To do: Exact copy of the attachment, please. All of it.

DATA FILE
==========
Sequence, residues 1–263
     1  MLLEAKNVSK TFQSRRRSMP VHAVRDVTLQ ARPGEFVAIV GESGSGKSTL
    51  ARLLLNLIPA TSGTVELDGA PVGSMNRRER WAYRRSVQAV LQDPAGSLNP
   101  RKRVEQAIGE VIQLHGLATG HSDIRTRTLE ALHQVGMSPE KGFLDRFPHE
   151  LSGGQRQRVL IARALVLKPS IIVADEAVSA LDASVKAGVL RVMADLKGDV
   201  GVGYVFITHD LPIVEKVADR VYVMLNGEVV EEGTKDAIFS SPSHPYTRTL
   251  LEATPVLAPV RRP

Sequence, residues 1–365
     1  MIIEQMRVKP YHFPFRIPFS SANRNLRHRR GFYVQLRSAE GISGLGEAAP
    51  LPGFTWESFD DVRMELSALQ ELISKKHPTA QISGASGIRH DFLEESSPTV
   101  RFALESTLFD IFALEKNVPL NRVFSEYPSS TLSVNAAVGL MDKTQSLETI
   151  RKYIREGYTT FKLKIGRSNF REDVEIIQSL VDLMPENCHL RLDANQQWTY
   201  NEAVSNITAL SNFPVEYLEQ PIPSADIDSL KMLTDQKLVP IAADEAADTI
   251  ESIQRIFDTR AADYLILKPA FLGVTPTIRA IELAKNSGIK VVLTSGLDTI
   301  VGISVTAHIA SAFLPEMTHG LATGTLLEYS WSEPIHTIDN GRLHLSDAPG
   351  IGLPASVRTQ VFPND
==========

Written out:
Sequence, residues 1–263
     1  MLLEAKNVSK TFQSRRRSMP VHAVRDVTLQ ARPGEFVAIV GESGSGKSTL
    51  ARLLLNLIPA TSGTVELDGA PVGSMNRRER WAYRRSVQAV LQDPAGSLNP
   101  RKRVEQAIGE VIQLHGLATG HSDIRTRTLE ALHQVGMSPE KGFLDRFPHE
   151  LSGGQRQRVL IARALVLKPS IIVADEAVSA LDASVKAGVL RVMADLKGDV
   201  GVGYVFITHD LPIVEKVADR VYVMLNGEVV EEGTKDAIFS SPSHPYTRTL
   251  LEATPVLAPV RRP

Sequence, residues 1–365
     1  MIIEQMRVKP YHFPFRIPFS SANRNLRHRR GFYVQLRSAE GISGLGEAAP
    51  LPGFTWESFD DVRMELSALQ ELISKKHPTA QISGASGIRH DFLEESSPTV
   101  RFALESTLFD IFALEKNVPL NRVFSEYPSS TLSVNAAVGL MDKTQSLETI
   151  RKYIREGYTT FKLKIGRSNF REDVEIIQSL VDLMPENCHL RLDANQQWTY
   201  NEAVSNITAL SNFPVEYLEQ PIPSADIDSL KMLTDQKLVP IAADEAADTI
   251  ESIQRIFDTR AADYLILKPA FLGVTPTIRA IELAKNSGIK VVLTSGLDTI
   301  VGISVTAHIA SAFLPEMTHG LATGTLLEYS WSEPIHTIDN GRLHLSDAPG
   351  IGLPASVRTQ VFPND